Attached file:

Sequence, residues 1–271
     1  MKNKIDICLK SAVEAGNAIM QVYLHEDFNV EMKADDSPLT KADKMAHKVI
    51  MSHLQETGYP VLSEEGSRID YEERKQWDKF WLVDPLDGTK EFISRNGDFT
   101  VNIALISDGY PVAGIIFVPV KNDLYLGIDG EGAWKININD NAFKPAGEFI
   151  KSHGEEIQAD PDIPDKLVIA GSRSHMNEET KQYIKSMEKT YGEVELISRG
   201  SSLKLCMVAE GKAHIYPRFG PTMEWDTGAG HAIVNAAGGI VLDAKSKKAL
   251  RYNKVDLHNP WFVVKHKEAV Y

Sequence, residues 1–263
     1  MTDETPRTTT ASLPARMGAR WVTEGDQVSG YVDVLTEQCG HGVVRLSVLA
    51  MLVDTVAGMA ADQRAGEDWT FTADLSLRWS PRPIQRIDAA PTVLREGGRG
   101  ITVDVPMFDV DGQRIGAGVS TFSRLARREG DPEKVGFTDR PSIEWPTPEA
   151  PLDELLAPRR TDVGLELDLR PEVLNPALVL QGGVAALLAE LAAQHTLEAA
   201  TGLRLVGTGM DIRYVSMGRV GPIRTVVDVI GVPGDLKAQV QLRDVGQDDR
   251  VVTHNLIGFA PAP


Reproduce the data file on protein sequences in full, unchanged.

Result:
Sequence, residues 1–271
     1  MKNKIDICLK SAVEAGNAIM QVYLHEDFNV EMKADDSPLT KADKMAHKVI
    51  MSHLQETGYP VLSEEGSRID YEERKQWDKF WLVDPLDGTK EFISRNGDFT
   101  VNIALISDGY PVAGIIFVPV KNDLYLGIDG EGAWKININD NAFKPAGEFI
   151  KSHGEEIQAD PDIPDKLVIA GSRSHMNEET KQYIKSMEKT YGEVELISRG
   201  SSLKLCMVAE GKAHIYPRFG PTMEWDTGAG HAIVNAAGGI VLDAKSKKAL
   251  RYNKVDLHNP WFVVKHKEAV Y

Sequence, residues 1–263
     1  MTDETPRTTT ASLPARMGAR WVTEGDQVSG YVDVLTEQCG HGVVRLSVLA
    51  MLVDTVAGMA ADQRAGEDWT FTADLSLRWS PRPIQRIDAA PTVLREGGRG
   101  ITVDVPMFDV DGQRIGAGVS TFSRLARREG DPEKVGFTDR PSIEWPTPEA
   151  PLDELLAPRR TDVGLELDLR PEVLNPALVL QGGVAALLAE LAAQHTLEAA
   201  TGLRLVGTGM DIRYVSMGRV GPIRTVVDVI GVPGDLKAQV QLRDVGQDDR
   251  VVTHNLIGFA PAP